Gonna be another dusty day methinks. (At the WBM, the comments live on, that was always one of the best parts of the Neptunus Lex experience.)

  3. "I didn't look like a mountain man, more like one of these guys -"

    Distinguished looking gentlemen, aren't they?

    1. I was a bit surprised some years ago to realize that being born in the early fifties meant that I was alive during the last few years of life of a couple of Civil War Veterans. (Not the 1850s!)

    2. Joe - Yes, a very distinguished lot, it's the elderly looking part which made me abandon my beard-growing activities.

    3. John - I remember that well. My great-grandfather actually fought in the war, he married and had kids very late in life. Sadly, he had passed before I was born.

    4. OldAFSarge - one of my great-grandfathers managed to survive Camp Douglas.

  4. I've had some experience with facial hair.
    That gives me an idea for a post (pocir).
    Besides, it's No Shave November.

    1. And so it is.

      (But I will be shaving, most days, not today.)

      You are the poster child for awesome mustaches, just thought I'd throw that out there.

  5. Speaking of Lex memories and dust: I was recently trying to tell a good friend about Lex and could not finish the story when I got close to March. I can talk about my parents' and family deaths without huge problems, but I just cannot get the words out about Lex. Why that is, I think, is that he was clearly special, as a writer, as a service member, and 'he could fly the jet'. At the same time he was also 'just a guy' with the same family and life problems and challenges and uncertainties that most of us can relate to.

    1. "...I just cannot get the words out about Lex."

      I understand completely. Every time I tell someone about Lex, I choke up and have to take a deep breath before I can continue, in a strained voice.


    2. I can't really talk to "outsiders" about Lex. Those who know, know, to those to whom it must be explained, they'll never really understand.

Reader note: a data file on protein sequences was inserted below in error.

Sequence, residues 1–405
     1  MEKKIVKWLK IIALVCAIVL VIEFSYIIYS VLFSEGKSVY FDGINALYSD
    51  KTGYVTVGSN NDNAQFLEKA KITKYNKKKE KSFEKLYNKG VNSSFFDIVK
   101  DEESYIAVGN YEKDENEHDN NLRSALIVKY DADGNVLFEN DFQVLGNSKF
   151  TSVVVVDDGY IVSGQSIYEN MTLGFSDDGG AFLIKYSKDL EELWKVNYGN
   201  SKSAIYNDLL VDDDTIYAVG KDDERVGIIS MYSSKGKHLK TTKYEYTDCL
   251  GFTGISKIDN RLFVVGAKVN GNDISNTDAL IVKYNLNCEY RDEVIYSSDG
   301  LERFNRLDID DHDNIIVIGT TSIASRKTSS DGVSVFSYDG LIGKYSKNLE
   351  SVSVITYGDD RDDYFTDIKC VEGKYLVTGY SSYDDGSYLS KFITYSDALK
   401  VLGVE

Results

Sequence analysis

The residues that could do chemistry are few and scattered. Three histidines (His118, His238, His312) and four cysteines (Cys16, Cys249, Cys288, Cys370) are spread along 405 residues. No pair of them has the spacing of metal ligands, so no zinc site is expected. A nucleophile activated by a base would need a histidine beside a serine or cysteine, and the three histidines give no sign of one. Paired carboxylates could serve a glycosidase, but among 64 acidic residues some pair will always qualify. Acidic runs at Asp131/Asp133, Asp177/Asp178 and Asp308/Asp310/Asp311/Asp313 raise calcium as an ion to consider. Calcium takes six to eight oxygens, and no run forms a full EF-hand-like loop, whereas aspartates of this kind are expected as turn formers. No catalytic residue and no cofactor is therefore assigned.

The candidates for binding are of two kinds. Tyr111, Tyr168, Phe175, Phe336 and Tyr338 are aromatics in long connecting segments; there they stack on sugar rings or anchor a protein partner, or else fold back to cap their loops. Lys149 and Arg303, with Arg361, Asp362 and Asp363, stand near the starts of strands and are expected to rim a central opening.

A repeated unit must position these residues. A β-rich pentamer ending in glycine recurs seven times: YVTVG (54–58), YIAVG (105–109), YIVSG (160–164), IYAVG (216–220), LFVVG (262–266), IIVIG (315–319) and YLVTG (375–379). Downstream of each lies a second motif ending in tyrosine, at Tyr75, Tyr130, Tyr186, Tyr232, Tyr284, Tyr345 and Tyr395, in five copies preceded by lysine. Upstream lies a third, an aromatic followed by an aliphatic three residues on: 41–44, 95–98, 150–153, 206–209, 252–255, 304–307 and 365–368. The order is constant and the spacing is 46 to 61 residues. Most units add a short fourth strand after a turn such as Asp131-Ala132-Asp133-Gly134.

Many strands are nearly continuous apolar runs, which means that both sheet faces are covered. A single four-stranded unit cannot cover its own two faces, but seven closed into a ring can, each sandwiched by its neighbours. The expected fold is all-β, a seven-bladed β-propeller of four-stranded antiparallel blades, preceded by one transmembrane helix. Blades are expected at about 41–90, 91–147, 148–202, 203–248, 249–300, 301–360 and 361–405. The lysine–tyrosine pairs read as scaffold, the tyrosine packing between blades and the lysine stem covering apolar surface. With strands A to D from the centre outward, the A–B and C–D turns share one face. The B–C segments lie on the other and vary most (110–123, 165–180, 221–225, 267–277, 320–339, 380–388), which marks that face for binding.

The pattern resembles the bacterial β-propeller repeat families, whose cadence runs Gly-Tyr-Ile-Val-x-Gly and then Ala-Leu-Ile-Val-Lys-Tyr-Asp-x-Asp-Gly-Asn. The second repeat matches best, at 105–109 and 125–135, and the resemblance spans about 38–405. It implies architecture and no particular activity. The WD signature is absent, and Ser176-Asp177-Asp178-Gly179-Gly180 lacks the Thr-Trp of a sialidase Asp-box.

3. Reading the "Lexicans" posts recently about his workup to the new job had my inner voice screaming "No Lex, don't do it!" It's hard to read those, knowing the heartache that's coming. I still get misty if I let myself dwell on it. Time for a Jameson I guess. For strength, yaknow.

    4. Yeah, same here. I know what's coming and I remember what it felt like back then.

      Not a happy time, not at all.

    5. Lex left us as he lived and any true epitaph must include his words about going out wrestling with snakes in a cockpit instead of living on and working in cubeville. I knew him in both venues and he was very much a man of his word. I think he would happily step up for Montrose' toast every time. There is very little upside to growing to be very old in our society. There is, in our generation, a subtle push. We are probably the last of the ones who once believed. What really is on the other side? Like Rikki Tikki Tavi, there are some who are willing to run to find out. Where do you suppose Lex would be?

    6. I still labor in cubeville, I understood and respected Lex's choice. Still miss him, but there it is, what are you gonna do?

      First I have heard of Montrose's toast, it's a good one.

      I thank you for that.

  6. My youngest was eight before he saw me clean shaven Haven't had a bears since.

  7. I tried to grow a mustache before I was married, apparently having visions of me looking like Tom Selleck. Day before the wedding, the soon-to-be Mrs. Andrew asked me if I was keeping the fuzz above my mouth, or was I going to wash it off. (She's nothing if not subtle...) I wanted to keep it so she allowed it with one provision, had to use that eyelash stuff to darken it up. So now all my wedding photos have me looking like a cheesy Cary Grant impersonator. After the pictures came in, off went the stash.

    After my separation from my last employer, I decided to enter my 'screw it' stage and just let the hair and beard grow. (It kinda helped it was the coldest winter in a while, and we don't believe in using electricity to heat a house. (Hey, it's Florida, don't you know. Ignore the ice and occasional snow flurries.)) Grew a right respectful 'dirty old man' beard (in my mind I had visions of 'Duck Dynasty', wife later pointed out more 'homeless dude.' (Again, nothing if not subtle.) and kept it until... SUMMER. Ahhhh, why is there a flea covered sloth-wolverine hybrid with a fever on my face. Get it off, GET IT OFF!!!!